Craig Salmon takes an energetic stroll around historic Lincoln

Afternoon tea at Washingborough Hall
Afternoon tea at Washingborough Hall
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Sauntering down the most iconic street in the historic city of Lincoln, my wife Samantha suddenly turned towards me with an apprehensive look on her face.

“You do realise we have to walk all the way back up you know,” she exclaimed looking slightly less than impressed.

Half-nodding, and with a slight smile on my face, I peered back up ‘Steep Hill’ – one of the most popular tourist streets in the UK.

As the name suggests, Steep Hill is...well...impressively steep!

With a 14 per cent gradient in places, scaling the unique 1,300ft-plus stone surface road – which dates back to Roman times and links the city centre to Lincoln Castle and Cathedral – was not what Samantha had initially in mind when I announced we were going on a relaxing break in deepest Lincolnshire.

Fortunately, due to the high volume of independent and boutique retail outlets situated on Steep Hill (which was incidentally voted Britain’s best street in 2012), our journey back up was not quite as bad as first feared.

A sucker for ‘knick-knacky’ items, Samantha was able to take her mind off the physical challenge posed by exploring the many quaint and retro shops, which adorn the narrow street on either side.

We were also able to quench our thirst half-way up at Bunty’s tearoom – what a lifesaver!

Our visit to Lincoln’s famous Steep Hill was certainly one of the highlights of our two-night stay at the delightful Washingborough Hall.

Situated just 5km east of the city centre, the ‘Washy Hall’ is a recently renovated Georgian Manor house hotel and restaurant.

Washingborough Hall

Washingborough Hall

Dating back to the 18th century, the building can boast a long and colourful history.

It was once the home of Sir William Amcotts-Ingilby – an eccentric politician known for his idiosyncratic green hat.

During the Second World War, it was used as a shelter for weary airmen and in more recent times became a nightclub, believe it or not, called Scandals.

There was certainly no hint of its slightly surprising former guises as we drove along the hall’s meandering driveway for the first time, which is surrounded by three acres of sprawling grounds.

Since 2008, the hall has been owned by Lucy and Edward Herring, who have transformed the building into a first-class hotel and restaurant, boasting a number of luxurious rooms.

Keen to maintain its period charms, the owners have added one or two modern touches, ensuring guests can relax and unwind or, if they happen to be more adventurous, use it as a base to explore the nearby tourist attractions.

With a recently finished side extension known as ‘The Winston Room’, the hotel also specialises in providing the perfect wedding setting for couples, as well as providing excellent facilities for business meetings and conferences.

Arriving just after lunchtime during midweek, Samantha and I quickly noticed, as we strolled up towards the grand pillar-fronted entrance of the hotel, that the quaint dining 
area at the front was full of guests enjoying afternoon tea.

So that was it...our afternoon was spent drinking copious amounts of coffee and tea while being treated to three tiers of fresh sandwiches, cakes and scones with jam and cream.

My particular favourite was the carrot cake, although Samantha seemed to prefer the cherry bakewell slices.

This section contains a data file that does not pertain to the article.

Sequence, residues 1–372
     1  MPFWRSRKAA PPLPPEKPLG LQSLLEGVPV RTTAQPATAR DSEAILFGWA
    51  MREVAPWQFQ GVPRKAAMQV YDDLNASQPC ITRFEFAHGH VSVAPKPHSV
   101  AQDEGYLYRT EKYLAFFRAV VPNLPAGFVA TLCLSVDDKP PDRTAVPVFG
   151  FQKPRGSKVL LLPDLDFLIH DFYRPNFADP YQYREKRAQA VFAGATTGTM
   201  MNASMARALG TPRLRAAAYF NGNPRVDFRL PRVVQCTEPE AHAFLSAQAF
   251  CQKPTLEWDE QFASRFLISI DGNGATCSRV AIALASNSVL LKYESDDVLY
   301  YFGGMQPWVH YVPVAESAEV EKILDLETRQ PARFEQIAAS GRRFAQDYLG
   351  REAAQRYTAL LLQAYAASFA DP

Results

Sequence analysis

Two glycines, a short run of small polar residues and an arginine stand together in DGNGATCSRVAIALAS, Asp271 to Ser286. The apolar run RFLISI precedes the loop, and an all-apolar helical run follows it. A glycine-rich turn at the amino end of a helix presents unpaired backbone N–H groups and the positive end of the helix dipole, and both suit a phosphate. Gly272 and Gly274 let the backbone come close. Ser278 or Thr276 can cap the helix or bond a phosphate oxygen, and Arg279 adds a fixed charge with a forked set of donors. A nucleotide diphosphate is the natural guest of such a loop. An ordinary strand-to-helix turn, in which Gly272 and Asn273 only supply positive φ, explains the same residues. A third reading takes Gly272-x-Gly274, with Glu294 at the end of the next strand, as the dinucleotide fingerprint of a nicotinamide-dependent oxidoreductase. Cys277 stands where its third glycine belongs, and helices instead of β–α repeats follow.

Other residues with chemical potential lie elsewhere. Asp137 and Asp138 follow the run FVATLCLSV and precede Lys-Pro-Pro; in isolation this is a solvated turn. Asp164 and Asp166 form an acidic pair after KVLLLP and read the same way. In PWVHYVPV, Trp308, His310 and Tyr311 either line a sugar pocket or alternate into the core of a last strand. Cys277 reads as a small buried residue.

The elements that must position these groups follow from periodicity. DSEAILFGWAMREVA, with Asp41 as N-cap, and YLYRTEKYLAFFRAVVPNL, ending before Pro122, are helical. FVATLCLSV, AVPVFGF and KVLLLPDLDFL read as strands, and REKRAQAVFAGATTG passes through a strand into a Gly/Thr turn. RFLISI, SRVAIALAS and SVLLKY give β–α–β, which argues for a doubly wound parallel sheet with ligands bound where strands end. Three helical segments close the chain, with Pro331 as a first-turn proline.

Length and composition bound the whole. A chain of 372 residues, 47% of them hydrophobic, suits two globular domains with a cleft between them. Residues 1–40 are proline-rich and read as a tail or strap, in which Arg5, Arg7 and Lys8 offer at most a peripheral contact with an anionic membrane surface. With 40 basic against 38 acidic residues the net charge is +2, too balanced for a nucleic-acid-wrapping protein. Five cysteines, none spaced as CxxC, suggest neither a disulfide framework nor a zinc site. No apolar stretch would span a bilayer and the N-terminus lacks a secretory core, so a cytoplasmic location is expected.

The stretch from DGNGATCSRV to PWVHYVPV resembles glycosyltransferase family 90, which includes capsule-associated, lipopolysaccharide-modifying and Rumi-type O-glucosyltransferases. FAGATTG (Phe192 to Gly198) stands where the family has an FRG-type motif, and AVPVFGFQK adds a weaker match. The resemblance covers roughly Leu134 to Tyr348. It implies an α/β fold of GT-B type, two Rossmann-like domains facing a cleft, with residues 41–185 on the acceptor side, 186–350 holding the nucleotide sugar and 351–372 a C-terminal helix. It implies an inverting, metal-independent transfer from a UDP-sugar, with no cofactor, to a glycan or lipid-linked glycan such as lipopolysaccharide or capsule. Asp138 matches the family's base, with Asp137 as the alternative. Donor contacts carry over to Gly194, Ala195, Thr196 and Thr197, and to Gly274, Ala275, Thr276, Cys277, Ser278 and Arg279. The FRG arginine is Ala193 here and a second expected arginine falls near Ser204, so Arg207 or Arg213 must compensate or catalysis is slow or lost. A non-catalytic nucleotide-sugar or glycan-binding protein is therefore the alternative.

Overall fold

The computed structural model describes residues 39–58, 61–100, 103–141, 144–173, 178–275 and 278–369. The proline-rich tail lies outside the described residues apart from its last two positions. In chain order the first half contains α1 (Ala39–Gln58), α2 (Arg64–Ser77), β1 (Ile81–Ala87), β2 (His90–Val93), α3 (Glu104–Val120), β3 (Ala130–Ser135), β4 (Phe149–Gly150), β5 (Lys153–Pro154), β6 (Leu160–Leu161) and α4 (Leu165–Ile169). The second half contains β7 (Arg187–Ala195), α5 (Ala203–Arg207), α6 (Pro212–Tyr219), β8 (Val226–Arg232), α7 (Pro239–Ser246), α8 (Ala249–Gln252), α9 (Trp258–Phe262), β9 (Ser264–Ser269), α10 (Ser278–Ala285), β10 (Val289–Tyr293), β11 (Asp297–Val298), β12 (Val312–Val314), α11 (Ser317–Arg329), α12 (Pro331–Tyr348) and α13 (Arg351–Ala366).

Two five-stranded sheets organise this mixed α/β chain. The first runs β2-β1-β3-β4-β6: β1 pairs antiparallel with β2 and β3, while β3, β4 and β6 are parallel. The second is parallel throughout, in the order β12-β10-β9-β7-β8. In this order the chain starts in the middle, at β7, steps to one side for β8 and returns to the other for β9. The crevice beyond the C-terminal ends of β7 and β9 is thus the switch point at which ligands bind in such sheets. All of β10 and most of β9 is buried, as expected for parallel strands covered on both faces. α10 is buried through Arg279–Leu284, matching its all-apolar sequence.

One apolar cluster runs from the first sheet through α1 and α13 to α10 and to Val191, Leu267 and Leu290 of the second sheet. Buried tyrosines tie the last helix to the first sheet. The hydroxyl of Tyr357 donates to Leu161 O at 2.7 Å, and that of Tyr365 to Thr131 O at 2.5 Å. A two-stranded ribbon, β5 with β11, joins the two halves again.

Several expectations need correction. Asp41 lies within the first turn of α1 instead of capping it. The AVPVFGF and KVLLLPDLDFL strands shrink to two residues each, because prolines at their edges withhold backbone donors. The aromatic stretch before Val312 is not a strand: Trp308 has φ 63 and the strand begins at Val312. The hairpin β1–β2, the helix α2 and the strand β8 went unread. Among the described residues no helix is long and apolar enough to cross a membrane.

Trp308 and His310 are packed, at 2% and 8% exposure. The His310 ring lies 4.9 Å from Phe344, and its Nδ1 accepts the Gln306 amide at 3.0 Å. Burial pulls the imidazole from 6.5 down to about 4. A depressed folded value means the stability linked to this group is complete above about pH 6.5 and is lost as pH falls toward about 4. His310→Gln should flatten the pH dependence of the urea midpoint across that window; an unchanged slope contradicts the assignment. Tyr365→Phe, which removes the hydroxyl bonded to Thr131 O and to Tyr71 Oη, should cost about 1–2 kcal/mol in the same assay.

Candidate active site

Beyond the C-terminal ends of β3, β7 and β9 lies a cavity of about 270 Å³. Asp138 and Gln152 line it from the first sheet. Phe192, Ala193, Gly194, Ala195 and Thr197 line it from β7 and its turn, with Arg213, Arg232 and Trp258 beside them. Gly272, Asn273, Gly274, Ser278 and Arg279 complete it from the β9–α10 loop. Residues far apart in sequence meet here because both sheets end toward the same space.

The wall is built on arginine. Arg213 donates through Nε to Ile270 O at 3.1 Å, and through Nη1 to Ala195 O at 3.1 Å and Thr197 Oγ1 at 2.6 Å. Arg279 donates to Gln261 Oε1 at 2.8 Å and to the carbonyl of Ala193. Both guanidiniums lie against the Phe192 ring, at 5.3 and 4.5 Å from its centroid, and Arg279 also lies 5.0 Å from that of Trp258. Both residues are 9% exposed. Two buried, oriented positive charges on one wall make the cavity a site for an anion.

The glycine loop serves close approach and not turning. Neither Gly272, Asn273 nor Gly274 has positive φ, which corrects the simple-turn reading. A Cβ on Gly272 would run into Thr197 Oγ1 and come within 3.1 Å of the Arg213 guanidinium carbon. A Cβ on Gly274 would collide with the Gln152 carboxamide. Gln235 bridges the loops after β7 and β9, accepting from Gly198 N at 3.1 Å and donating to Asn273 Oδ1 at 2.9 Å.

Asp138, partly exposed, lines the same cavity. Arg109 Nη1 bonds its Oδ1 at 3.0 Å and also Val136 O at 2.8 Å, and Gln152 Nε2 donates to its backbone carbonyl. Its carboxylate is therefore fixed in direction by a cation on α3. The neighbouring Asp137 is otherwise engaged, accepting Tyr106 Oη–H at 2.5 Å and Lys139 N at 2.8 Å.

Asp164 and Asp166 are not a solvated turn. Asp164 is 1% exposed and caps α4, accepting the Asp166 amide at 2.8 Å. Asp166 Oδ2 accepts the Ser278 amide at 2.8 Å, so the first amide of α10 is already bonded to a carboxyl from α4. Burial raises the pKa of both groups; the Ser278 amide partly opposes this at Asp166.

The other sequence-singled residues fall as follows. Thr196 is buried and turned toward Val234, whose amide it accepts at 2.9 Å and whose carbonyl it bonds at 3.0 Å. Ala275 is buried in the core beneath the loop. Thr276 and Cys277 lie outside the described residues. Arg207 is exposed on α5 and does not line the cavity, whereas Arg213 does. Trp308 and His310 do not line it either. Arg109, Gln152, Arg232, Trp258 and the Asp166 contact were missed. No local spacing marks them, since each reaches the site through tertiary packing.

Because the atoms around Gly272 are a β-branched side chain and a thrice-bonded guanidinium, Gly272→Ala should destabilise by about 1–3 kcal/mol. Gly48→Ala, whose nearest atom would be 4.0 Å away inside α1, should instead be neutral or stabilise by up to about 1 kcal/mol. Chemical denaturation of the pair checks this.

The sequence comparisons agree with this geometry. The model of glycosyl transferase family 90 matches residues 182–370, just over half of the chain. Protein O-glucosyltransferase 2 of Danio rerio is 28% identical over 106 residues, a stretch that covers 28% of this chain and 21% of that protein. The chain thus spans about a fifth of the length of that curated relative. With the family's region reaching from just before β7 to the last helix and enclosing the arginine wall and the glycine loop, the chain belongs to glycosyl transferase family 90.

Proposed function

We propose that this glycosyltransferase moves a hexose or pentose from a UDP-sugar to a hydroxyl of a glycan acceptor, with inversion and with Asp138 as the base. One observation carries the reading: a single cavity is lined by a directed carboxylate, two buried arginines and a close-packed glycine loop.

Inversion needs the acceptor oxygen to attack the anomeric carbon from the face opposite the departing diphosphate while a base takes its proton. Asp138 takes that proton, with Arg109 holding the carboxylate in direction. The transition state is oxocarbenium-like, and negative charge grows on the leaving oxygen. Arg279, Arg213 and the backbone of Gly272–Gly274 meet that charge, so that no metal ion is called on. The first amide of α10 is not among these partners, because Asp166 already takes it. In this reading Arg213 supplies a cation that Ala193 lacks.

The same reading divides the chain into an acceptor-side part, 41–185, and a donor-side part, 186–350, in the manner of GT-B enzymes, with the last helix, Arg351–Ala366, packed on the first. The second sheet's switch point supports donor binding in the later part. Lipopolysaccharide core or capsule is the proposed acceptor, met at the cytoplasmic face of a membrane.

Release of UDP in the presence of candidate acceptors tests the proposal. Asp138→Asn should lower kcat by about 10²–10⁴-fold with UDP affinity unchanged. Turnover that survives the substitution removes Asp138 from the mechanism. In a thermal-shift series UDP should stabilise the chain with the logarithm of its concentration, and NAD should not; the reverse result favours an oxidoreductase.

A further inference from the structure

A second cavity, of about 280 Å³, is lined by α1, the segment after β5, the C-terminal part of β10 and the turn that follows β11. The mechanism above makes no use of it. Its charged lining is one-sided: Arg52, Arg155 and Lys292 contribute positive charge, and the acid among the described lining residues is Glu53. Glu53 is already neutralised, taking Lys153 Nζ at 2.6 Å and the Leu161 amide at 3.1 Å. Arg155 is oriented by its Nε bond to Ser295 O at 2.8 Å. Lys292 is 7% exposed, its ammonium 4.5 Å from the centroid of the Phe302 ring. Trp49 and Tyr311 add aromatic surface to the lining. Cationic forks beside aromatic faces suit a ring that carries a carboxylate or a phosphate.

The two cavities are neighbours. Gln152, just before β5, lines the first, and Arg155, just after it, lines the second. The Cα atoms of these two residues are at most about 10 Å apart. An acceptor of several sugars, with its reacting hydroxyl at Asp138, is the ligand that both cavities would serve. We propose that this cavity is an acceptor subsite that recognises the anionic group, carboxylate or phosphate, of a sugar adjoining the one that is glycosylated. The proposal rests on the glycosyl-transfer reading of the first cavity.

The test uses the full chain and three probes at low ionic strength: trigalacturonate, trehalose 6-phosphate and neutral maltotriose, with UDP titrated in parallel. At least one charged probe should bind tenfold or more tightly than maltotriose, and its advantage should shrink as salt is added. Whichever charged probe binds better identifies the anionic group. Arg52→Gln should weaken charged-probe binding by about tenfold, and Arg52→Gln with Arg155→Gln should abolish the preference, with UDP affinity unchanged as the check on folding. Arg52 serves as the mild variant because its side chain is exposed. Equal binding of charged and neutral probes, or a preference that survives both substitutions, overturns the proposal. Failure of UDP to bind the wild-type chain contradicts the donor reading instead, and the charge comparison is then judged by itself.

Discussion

It was only after we had taken care of every last crumb that we could go and properly appreciate the room that we had been afforded for our stay.

Handed the most recently refurbished suite, the bedroom was tastefully decorated green and boasted large traditional-style bay windows, complete with a window ledge seat, overlooking the gardens below.

The en-suite bathroom, though, was the real star of the show. A standalone bath tub complemented by an amazing, glass shower cubicle. The gowns hanging nearby were the perfect finishing touch

With Lucy Herring’s background as a successful cordon bleu cook – having trained at the Tante Marie Culinary Academy – food is an important aspect of the Washy Hall experience.

And it’s fair to say our evening meal did not disappoint.

After enjoying pre-drinks in the classy, but cosy bar, we were invited to our table in the award-winning restaurant.

The friendly waiters and waitresses were keen to strike up conversation as they served us some homemade bread as we deliberated on our menu choices.

I opted for the smoked mackerel scotch egg, white onion soubise and crispy rocket, while the wife plumped for the heritage tomato tarte tatin, baby mozzarella, basil pesto and sweet red pepper.

So impressed with the flavour combination of the smoky mackerel combined with the succulent egg, I am not ashamed to admit that I ordered it again the following evening!

For mains, we both settled on the same – Lincolnshire 10oz sirloin steak, butternut ketchup, hand cut fries and balsamic glazed shallots.

For dessert, Samantha could not look past the cheese board, but being more of a sweet tooth, I ordered the sticky toffee pudding with 
banana and condensed milk ice cream.

The next day, fuelled by a good hearty breakfast of sausage, bacon, choice of egg, mushroom and black pudding, we set off for a day visiting the sights and sounds of Lincoln.

The castle was our first port of call and, despite Samantha’s poor head for heights, we managed to walk the medieval walls before taking a guided tour around the castle’s prison as well as viewing original pieces of the Magna Carta.

Then it was off to take in Steep Hill, before we finished our tourist walk with a trip around the imposing cathedral, which dominates Lincoln’s skyline.